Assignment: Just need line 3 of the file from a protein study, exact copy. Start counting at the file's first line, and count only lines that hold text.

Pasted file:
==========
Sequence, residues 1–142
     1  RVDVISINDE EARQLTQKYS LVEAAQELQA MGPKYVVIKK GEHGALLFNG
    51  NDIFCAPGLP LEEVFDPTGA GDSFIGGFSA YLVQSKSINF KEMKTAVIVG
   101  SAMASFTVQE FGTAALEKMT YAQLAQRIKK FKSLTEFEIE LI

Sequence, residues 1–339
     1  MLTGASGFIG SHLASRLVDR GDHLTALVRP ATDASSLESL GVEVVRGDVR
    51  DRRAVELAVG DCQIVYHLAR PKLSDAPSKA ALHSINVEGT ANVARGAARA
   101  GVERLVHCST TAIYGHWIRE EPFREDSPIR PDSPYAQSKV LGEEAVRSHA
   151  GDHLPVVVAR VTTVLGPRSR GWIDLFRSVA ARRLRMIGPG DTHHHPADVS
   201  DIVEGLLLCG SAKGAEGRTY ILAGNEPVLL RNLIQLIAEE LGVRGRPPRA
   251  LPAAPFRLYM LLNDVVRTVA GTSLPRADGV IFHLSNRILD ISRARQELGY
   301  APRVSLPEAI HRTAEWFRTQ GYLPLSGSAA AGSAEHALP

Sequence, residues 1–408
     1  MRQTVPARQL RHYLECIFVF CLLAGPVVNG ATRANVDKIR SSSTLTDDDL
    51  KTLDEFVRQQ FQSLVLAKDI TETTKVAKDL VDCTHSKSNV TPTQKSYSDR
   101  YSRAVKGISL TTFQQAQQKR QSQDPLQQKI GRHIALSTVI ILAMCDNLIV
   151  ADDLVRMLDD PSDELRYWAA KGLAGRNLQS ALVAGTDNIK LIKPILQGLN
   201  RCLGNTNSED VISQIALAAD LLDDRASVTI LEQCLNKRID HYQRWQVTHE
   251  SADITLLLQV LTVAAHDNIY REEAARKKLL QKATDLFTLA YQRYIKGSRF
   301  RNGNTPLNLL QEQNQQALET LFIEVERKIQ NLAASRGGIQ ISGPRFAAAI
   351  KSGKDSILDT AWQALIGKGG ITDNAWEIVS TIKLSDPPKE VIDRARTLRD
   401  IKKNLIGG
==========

    51  NDIFCAPGLP LEEVFDPTGA GDSFIGGFSA YLVQSKSINF KEMKTAVIVG